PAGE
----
He left the program in 1995, wrote a book, and owned a restaurant and swimming pool installation company in Phoenix.

In 2000, he was arrested in connection with an Ecstacy trafficking ring in Phoenix that reportedly earned him about $500,000.00 per week. He was also accused of buying 40,000 Ecstacy pills from a drug gang in New York.

He was supposed to be sentenced on the New York federal charges on September 11, 2001, but it was delayed because of 9/11. He was sentenced to 20 years in federal prison on September 6, 2002. By that time, he had already pled guilty to ten Arizona felony charges.

On October 30, 2002, He was sentenced to the following prison terms on the following charges in Maricopa County Superior Court with credit for time served of 979 days. All of the prison terms were made concurrent with his New York federal prison term:

  • Conspiracy to Commit the Sale of Dangerous Drugs. 19 years.
  • Participating in a Criminal Syndicate. 19 years.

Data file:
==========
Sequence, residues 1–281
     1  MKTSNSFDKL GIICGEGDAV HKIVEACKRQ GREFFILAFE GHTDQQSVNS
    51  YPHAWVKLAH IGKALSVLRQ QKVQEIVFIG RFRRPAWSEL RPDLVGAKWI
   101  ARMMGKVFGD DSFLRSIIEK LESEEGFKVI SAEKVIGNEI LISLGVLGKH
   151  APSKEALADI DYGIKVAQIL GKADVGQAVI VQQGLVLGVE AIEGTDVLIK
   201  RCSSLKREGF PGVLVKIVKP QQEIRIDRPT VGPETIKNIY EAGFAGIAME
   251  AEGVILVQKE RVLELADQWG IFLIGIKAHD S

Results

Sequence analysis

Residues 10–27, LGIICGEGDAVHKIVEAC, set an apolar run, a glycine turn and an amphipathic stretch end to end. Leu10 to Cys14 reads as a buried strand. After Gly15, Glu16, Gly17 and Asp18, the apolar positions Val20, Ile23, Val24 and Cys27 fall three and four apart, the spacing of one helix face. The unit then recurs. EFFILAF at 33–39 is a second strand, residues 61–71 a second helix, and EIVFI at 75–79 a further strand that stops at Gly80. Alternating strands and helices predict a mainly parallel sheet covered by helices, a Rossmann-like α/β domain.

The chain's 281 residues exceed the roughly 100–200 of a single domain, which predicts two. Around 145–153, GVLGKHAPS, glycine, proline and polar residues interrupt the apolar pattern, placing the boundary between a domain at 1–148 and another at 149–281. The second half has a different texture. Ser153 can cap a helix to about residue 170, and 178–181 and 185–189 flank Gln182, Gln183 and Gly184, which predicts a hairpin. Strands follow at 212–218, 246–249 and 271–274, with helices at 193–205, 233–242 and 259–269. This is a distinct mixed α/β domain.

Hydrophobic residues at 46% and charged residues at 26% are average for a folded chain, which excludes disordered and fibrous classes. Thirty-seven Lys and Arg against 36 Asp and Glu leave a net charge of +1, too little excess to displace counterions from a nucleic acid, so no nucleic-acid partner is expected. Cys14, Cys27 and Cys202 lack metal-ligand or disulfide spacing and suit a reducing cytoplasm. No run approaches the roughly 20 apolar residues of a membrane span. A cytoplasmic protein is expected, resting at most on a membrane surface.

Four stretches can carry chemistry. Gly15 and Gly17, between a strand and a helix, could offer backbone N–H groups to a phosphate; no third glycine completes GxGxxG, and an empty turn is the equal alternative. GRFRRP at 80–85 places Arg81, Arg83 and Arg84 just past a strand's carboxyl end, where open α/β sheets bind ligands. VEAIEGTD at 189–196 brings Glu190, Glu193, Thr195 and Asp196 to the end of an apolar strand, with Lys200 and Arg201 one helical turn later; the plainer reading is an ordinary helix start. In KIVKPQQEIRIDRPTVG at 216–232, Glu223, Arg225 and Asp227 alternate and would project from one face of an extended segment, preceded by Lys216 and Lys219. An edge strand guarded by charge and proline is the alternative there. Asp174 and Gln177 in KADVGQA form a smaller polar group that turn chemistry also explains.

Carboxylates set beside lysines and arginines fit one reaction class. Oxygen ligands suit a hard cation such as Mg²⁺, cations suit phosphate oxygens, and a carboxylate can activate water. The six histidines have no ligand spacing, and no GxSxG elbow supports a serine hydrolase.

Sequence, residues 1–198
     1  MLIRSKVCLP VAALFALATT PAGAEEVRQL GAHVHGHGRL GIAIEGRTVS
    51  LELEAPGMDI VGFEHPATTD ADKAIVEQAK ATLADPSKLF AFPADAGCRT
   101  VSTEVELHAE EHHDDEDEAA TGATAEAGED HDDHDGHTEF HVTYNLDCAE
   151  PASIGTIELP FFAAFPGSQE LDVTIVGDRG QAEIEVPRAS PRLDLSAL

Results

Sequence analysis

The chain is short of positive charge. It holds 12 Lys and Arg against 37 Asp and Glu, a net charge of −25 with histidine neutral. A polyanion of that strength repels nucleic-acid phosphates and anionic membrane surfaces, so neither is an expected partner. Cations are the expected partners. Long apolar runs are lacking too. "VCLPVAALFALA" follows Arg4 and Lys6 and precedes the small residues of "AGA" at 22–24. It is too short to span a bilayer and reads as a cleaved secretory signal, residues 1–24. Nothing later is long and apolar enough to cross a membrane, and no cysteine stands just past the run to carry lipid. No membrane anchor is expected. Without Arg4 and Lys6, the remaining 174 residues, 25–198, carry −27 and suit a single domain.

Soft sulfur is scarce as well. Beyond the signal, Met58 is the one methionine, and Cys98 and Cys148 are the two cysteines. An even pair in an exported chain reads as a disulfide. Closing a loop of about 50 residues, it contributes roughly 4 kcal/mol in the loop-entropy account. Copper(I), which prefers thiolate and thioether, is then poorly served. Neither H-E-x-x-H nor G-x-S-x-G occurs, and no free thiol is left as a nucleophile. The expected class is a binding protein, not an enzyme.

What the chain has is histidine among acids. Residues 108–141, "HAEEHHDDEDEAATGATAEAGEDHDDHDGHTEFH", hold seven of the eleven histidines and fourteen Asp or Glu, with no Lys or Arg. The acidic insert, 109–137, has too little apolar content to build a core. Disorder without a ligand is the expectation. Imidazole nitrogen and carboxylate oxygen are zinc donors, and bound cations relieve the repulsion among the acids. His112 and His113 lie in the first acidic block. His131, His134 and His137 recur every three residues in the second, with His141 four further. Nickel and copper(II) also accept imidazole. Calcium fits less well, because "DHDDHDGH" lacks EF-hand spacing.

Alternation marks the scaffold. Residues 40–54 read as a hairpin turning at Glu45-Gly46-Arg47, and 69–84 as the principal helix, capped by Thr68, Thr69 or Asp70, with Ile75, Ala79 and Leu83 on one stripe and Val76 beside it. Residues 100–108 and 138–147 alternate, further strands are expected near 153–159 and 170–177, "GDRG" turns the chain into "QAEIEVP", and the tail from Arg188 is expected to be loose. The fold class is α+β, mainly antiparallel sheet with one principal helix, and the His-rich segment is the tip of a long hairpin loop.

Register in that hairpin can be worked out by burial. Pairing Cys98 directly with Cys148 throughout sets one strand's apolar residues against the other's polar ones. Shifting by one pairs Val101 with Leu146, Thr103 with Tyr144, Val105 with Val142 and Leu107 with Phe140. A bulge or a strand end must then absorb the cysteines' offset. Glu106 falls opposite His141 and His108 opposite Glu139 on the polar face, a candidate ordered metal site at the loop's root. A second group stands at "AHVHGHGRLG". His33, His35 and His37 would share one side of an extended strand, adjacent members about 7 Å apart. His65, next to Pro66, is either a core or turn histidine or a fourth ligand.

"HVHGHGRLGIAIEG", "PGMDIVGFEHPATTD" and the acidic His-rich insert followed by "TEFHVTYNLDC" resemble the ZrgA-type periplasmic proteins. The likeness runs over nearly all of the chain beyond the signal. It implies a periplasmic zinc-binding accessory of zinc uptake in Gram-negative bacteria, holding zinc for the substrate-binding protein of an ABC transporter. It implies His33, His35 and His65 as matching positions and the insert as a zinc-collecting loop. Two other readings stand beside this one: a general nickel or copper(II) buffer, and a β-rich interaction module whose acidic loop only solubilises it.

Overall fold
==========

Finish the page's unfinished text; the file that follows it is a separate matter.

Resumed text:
• Illegal Enterprise. 15 years.
  • Offer to Sell or Transfer Dangerous Drugs, to wit: MDMA, also known as Ecstasy. 19 years.
  • Money Laundering in the Second Degree. 15 years.
  • Use of Wire or Electronic Communication in Drug Related Transaction (2 counts). 7.5 years.
  • Misconduct involving Weapons. 7.5 years.
  • Possession of Marijuana. 2.25 years.
  • Money Laundering. 15 years.

 

The Court found that he had been convicted of Racketeering in CR 90-1051 (S-2), United States District Court, Eastern District of New York.

An inmate datasearch on the Arizona Department of Corrections website revealed that Mr. Gravano finished serving his sentence on June 7, 2016. He had no history of disciplinary appeals.

If you or a loved one are facing several Arizona felony drug charges, you need an experienced attorney to defend you. Attorney Gary Rohlwing has over thirty years experience. Call him today for a free consultation.

 

Some of My Practice Areas:

 

I am located within a few minutes from the Glendale Court House

My office is at:

Law Offices of Gary L Rohlwing
7112 N 55th Ave
Glendale, AZ 85301
(623) 937-1692
http://www.criminal-duiattorney.com/

 

 

Click here for the directions on Google.